Afghanistan Strategy

Trump’s War: What Does Victory Look Like in Afghanistan?

By Monish Tourangbam

South Asia watchers had been keeping a close eye on the Trump administration’s review of U.S. strategy in Afghanistan. After oscillating between increasing troop numbers and completing withdrawal, the United States has decided to stay the course in Afghanistan, with a troop surge. While outlining his new Afghanistan strategy, Trump called himself a problem solver, and said, “[…]in the end, we will win.” But did he define what victory looks like for the United States in Afghanistan, and how does he intend to get there? What is the troop surge for? His speech on the new Afghanistan strategy seemed to focus on U.S. counterterrorism objectives in the country. In such a case, is the troop surge required? What happens to the reconciliation talks with the Taliban? Going by Trump’s speech, it has been pushed to the background, sometime after “an effective military effort.” The influence of the military generals in the new strategy is quite visible, while the diminutive role of the State Department is too conspicuous to be missed, despite Trump calling the strategy an “integration of all instruments of American power.”

Unlike Obama’s “surge and exit” strategy, Trump does not want to make troop numbers public and prefers a strategy based not on timelines, but on ground conditions. But, it is unclear how exactly an open-ended campaign would win the game of patience in Afghanistan. The Taliban, on home ground, is better situated to wait out U.S. forces.  The new strategy has called out Pakistan for providing “safe havens for terrorist organizations, the Taliban and other groups that pose a threat to the region and beyond.” But, operationalizing this pressure remains a challenge. How is this administration going to change Islamabad or rather Rawalpindi’s calculations of its Afghan gambit? What is the alternative to Pakistan’s geostrategic relevance to American logistics and transport requirements? What is the answer to Pakistan’s ability to destabilize Afghanistan when its interests are perceived to be threatened?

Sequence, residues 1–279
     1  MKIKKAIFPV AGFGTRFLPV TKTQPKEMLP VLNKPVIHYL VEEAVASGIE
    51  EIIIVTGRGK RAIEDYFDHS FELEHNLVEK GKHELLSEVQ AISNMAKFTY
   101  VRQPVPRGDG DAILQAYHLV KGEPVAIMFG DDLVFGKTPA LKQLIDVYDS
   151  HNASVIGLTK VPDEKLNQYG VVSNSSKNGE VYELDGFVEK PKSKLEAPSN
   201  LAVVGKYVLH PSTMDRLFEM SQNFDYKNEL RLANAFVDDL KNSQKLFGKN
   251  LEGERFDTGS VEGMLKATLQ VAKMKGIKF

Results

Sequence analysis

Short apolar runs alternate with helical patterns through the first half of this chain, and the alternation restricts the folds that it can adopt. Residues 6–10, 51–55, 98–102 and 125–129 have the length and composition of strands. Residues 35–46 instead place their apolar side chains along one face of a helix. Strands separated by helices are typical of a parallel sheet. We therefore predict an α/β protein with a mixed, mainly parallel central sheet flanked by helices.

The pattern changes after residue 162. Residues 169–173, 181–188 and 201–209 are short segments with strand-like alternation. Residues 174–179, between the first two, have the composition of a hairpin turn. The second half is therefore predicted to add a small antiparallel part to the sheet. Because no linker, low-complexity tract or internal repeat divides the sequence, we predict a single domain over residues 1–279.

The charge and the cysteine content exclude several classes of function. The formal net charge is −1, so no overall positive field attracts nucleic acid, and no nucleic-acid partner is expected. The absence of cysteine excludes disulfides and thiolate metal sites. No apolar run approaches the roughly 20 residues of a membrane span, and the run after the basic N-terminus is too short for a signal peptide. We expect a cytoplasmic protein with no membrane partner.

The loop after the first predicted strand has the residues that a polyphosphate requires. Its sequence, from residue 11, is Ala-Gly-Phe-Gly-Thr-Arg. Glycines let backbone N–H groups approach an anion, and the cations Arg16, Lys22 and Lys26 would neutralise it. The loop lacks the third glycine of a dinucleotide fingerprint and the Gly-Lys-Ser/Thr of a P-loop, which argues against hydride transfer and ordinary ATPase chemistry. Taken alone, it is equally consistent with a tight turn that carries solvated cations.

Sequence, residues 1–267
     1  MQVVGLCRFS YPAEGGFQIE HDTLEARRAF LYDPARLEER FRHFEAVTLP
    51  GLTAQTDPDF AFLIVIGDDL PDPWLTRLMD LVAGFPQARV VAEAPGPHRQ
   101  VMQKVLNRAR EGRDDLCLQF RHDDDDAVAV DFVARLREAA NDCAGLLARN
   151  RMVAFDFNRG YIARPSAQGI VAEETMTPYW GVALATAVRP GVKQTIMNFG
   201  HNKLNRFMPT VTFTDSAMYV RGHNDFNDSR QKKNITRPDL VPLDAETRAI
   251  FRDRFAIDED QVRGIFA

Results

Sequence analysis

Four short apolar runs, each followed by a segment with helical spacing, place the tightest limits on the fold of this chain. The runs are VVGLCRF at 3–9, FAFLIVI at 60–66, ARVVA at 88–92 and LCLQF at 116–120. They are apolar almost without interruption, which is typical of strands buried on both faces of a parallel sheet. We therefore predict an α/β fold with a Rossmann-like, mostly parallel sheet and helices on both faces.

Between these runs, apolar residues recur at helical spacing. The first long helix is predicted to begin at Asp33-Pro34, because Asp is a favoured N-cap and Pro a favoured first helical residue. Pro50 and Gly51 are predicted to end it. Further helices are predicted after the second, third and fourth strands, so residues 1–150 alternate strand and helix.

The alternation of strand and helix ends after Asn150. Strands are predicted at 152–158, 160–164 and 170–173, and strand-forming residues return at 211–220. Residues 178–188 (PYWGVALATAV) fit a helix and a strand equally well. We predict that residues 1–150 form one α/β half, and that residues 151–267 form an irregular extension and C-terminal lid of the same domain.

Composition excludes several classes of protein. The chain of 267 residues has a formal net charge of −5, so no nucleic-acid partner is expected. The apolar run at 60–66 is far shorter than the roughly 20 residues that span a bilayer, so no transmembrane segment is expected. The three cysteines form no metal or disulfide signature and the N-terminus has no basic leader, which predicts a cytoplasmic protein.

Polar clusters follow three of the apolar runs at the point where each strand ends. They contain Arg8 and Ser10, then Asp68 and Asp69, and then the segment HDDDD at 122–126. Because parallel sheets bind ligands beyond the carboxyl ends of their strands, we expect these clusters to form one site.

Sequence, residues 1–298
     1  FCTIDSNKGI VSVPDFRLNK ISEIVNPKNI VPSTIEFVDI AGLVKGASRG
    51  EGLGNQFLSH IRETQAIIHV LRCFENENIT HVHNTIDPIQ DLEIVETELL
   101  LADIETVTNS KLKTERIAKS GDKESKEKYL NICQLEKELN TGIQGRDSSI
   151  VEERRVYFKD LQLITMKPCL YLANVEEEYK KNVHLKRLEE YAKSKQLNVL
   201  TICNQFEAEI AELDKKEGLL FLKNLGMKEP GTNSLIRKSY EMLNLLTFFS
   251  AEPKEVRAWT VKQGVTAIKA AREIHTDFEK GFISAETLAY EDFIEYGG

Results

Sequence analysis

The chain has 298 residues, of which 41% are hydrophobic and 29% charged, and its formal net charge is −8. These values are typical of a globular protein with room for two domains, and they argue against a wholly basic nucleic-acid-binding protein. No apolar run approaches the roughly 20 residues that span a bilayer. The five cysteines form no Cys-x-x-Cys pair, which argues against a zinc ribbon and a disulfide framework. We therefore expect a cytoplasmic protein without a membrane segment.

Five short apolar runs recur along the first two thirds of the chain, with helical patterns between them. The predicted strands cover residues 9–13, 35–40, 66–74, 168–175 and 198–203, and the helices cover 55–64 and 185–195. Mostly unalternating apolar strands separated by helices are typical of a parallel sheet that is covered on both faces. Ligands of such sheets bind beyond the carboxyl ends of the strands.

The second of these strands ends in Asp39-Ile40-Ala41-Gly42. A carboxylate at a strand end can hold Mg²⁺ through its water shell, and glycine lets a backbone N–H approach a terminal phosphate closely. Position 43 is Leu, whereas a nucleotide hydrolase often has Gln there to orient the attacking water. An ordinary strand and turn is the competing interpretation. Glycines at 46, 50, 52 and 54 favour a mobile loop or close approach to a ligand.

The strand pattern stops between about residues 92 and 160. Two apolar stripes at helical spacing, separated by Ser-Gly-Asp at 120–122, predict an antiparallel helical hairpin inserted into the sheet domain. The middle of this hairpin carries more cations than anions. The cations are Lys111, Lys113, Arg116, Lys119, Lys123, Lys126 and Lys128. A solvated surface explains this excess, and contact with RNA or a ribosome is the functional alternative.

While Trump praised India’s support for stability in Afghanistan, the transactional nature of his presidency was also evident. Instead of focussing on what the United States and India can do together in Afghanistan, the focus was on what Washington expects India to do in Afghanistan, in return for its trade turnovers with the United States. Moreover, India’s role seems to be have been circumscribed to the domain of development and economic assistance. The strategy, or at least the speech, also seems to be oblivious to how players like China, Iran, and Russia are involved in Afghanistan, and what this means for future U.S. strategy in the region.

In June, U.S. Defense Secretary James Mattis had conceded that “we are not winning in Afghanistan right now” and pledged that “we will correct this as soon as possible.” Has the new strategy spelled out how that will be done, or rather what that win looks like? Or is it that the Trump team, as David Ignatius observed, is redefining what victory means in Afghanistan by trying not to lose and calling it a win?

There are more questions than answers.


Trump’s Plan for Afghanistan: Win or Loss for Kabul?

By Ahmad Shah Angar

The United States’ new Afghanistan strategy has both good news and bad news for Kabul.

First, the good news. The new strategy does not include rigid timelines for the withdrawal of American troops from Afghanistan and contains clear commitment regarding training and equipping Afghan forces. The current Afghan government is weak and faces many internal political challenges, while day by day the Taliban and the Islamic State are becoming stronger. Also, a recent clash between former warlords belonging to Jamaat-e-Islami and Hezb-e-Islami raised concerns that the civil war of the 1990s may not be just a thing of the past. However, the new commitment by the United States has generated optimism among Afghans.

Additionally, for the first time, the United States clearly and forcefully called on Pakistan to stop interference in Afghanistan and cease support for the insurgency in the country, something Kabul has been demanding for a long time. Though it remains to be seen if U.S. coercion finally causes Pakistan to act, the gesture was welcomed in Afghanistan.